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November 17, 2019, 10:19:27 am

Author Topic: Answering "Evaluate" questions  (Read 231 times)

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zuriah

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Answering "Evaluate" questions
« on: February 20, 2019, 02:35:12 pm »
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I know that evaluate questions call for you to make a judgement or determine the value of something, but I'm wondering how to answer those better. I often only use the words "significant/not significant" and "effective/ineffective" when commenting on the impact/effect of something and am looking for more clear and effective words to make a judgement. Sure, some of the "judgement" words come from the context of the question but I feel like I'm being to repetitive in my word choice :// TIA

avocadinq

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Re: Answering "Evaluate" questions
« Reply #1 on: February 20, 2019, 04:00:59 pm »
+2
I know that evaluate questions call for you to make a judgement or determine the value of something, but I'm wondering how to answer those better. I often only use the words "significant/not significant" and "effective/ineffective" when commenting on the impact/effect of something and am looking for more clear and effective words to make a judgement. Sure, some of the "judgement" words come from the context of the question but I feel like I'm being to repetitive in my word choice :// TIA

Hi there,

Most of the judgement words do come from the context of the question but here are some other alternatives, that I found on google.

- Significant = Major, essential, fundamental
- Not significant = unimportant, minor, insignificant
- Effective = successful, beneficial, advantageous
- Ineffective = limited in effectiveness, inefficient, inadequate

Hope this helps!
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jamonwindeyer

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Re: Answering "Evaluate" questions
« Reply #2 on: February 20, 2019, 10:39:29 pm »
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Hello! I think a big part of answering those questions properly is about defining what it means to be effective (for the humanities is where I'm coming from). For example, an 'effective' response in Legal Studies might be an accessible one, or an enforceable one, or whatever. If I set up those links in the intro, from that point instead of saying effective, I can say accessible and it will mean the same thing!! :)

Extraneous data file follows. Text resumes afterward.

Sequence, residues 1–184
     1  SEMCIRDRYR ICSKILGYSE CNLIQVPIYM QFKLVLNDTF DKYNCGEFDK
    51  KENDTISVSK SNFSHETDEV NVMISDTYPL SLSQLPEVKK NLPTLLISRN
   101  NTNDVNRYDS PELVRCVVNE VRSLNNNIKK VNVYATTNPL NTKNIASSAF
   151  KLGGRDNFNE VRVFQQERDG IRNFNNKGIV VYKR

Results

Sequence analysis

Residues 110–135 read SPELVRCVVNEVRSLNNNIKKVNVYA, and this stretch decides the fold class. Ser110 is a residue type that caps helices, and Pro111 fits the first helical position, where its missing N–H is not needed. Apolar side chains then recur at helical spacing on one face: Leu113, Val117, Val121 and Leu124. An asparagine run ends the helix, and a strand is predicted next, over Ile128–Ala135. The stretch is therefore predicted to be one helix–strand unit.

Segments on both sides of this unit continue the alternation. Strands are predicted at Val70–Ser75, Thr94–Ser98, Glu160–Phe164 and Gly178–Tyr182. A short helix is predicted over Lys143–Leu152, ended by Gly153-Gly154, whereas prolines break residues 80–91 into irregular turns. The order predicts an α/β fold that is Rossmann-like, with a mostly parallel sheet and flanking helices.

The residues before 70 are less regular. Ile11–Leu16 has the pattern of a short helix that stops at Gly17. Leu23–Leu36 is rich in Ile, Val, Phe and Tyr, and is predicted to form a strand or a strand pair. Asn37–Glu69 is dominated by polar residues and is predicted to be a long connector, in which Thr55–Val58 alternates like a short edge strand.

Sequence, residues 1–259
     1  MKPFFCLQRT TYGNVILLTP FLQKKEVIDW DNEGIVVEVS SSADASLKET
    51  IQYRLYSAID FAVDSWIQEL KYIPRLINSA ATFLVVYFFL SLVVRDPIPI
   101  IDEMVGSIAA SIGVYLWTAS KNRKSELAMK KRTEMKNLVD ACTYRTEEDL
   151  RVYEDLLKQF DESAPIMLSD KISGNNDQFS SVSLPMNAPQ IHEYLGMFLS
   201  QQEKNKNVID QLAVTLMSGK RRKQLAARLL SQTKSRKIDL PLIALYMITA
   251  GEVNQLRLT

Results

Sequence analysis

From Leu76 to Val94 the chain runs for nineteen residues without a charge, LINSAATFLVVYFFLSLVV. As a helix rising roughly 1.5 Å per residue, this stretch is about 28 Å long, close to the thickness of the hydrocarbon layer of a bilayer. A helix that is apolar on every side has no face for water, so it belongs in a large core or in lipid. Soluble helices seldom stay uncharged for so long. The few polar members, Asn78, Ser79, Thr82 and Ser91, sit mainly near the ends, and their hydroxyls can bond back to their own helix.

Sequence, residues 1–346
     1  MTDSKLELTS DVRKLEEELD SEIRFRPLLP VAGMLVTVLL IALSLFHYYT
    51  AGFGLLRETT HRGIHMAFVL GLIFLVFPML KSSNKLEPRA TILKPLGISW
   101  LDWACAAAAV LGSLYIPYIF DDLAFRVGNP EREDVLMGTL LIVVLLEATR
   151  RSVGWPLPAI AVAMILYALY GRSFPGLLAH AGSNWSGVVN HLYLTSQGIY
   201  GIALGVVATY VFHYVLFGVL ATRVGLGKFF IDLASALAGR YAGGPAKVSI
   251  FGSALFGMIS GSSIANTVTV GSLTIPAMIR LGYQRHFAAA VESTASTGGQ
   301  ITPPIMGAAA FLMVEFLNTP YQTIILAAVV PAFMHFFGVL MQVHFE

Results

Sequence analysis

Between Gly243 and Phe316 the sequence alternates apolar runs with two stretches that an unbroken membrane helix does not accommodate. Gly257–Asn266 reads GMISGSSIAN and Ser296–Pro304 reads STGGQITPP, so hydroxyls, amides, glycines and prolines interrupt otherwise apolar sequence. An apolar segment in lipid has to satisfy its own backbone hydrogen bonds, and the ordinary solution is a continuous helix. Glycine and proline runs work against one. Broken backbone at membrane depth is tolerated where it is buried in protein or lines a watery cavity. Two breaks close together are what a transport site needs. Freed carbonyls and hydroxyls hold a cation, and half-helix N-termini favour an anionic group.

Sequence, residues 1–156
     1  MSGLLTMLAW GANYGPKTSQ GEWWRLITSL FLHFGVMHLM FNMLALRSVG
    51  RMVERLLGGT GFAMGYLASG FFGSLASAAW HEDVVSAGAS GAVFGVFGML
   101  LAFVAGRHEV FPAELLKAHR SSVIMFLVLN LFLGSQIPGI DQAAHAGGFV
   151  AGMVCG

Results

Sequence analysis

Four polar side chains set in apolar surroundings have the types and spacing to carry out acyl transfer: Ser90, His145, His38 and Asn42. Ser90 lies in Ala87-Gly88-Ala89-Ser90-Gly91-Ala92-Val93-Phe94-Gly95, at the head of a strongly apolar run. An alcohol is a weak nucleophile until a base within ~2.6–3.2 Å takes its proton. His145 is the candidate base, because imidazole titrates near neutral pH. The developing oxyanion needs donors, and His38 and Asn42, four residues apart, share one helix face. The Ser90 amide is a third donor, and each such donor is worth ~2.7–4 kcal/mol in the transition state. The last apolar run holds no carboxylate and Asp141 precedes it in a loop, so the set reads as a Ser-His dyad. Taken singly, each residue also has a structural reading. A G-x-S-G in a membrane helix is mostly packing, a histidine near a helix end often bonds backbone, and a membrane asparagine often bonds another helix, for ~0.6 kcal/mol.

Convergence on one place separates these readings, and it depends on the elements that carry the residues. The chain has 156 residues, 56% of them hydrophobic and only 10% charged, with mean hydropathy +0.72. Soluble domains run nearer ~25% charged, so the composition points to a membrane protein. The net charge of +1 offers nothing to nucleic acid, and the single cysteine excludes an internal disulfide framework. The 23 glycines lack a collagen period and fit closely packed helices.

owidjaja

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Re: Answering "Evaluate" questions
« Reply #3 on: February 20, 2019, 11:36:44 pm »
+5
I know that evaluate questions call for you to make a judgement or determine the value of something, but I'm wondering how to answer those better. I often only use the words "significant/not significant" and "effective/ineffective" when commenting on the impact/effect of something and am looking for more clear and effective words to make a judgement. Sure, some of the "judgement" words come from the context of the question but I feel like I'm being to repetitive in my word choice :// TIA
Hey there,

avocadinq and Jamon already have great responses but I'd also like to include my input. I'd also like to emphasise the difference between 'assess' and 'evaluate.' The definition you have here "to make a judgement', which is good but it's also the definition for 'assess.' The difference between 'assess' and 'evaluate' is that evaluate requires to make a judgement based on a criteria whereas 'assess' is just making a judgement.

So an example of an 'evaluate' question is this essay question: "Evaluate the view that Austria-Hungary was the most responsible of the ‘great powers’ for the outbreak of war in Europe in 1914." The 'criteria' in this question is that Austria-Hungary was the most responsible and you can't really completely disagree with this (I'm not sure if you do Modern but we have a 60:40 rule where we can agree 60% and disagree 40%). So in this essay, 3 body paragraphs I argued that Austria-Hungary was at fault but then I had 1 paragraph arguing that it was Germany's fault. On the other hand, here's an 'assess' question: "Assess the belief that the fall of the Romanov Dynasty was inevitable." Notice how this question is a lot more broad (I made it broad because I wrote this question and it gave me room to argue). In this essay, I argued that it was an accumulation of factors that led to the fall of the Romanov Dynasty. I could've listed a bunch of events that caused the fall of the Romanov Dynasty.

TL;DR, please note the differences between 'evaluate' and 'assess' because it essentially determines how you structure your response.

As for using 'assessment words', I actually had a similar issue with you how I felt like I was repeating the same words (my favourites were significant/insignificant and detrimental). I tried to get out of this habit by reading other people's essays and see how they make a judgement and hopefully learn some new terms used in the correct context (do not go to the thesaurus! Teachers will know if you're vocabulary is sophisticated or if you just swallowed a thesaurus). I've also used a few emotive terms in my assessment, not as the first line of my introduction but maybe in the opening sentence or within my paragraph. For example, I wrote: "The Holocaust was a catastrophic event as the Final Solution enabled the Nazis to commit genocide and apply their racial ideologies" (paraphrased, not quoted).

Hope this helps!
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